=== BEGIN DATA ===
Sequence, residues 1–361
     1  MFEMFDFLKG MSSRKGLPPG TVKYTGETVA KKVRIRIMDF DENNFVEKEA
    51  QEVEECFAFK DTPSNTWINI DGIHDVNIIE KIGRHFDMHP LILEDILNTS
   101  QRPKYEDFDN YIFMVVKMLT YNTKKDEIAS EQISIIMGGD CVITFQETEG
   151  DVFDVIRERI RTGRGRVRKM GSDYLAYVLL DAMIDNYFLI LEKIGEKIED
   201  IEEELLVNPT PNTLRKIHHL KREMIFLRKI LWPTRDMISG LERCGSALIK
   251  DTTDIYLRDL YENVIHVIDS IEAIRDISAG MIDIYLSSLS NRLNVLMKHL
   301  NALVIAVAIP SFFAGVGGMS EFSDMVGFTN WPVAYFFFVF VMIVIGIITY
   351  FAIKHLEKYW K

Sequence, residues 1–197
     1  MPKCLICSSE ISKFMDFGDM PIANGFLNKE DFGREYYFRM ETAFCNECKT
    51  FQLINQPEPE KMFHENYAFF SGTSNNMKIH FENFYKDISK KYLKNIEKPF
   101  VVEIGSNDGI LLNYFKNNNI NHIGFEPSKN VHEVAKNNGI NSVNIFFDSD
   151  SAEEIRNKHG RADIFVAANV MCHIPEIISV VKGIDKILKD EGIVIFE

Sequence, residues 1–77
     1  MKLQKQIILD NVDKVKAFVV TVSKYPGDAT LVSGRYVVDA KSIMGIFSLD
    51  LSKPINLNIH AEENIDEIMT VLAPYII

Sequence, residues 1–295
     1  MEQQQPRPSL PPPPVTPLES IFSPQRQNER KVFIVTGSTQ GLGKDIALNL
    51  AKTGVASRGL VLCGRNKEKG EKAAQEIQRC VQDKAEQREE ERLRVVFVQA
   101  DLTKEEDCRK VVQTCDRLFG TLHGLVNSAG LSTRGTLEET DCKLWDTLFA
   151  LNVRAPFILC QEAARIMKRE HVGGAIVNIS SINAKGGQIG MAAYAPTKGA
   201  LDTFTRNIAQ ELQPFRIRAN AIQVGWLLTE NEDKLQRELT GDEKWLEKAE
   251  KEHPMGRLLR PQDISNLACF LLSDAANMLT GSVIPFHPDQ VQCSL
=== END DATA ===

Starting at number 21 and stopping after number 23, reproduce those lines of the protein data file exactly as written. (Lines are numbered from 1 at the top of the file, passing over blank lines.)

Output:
   101  DLTKEEDCRK VVQTCDRLFG TLHGLVNSAG LSTRGTLEET DCKLWDTLFA
   151  LNVRAPFILC QEAARIMKRE HVGGAIVNIS SINAKGGQIG MAAYAPTKGA
   201  LDTFTRNIAQ ELQPFRIRAN AIQVGWLLTE NEDKLQRELT GDEKWLEKAE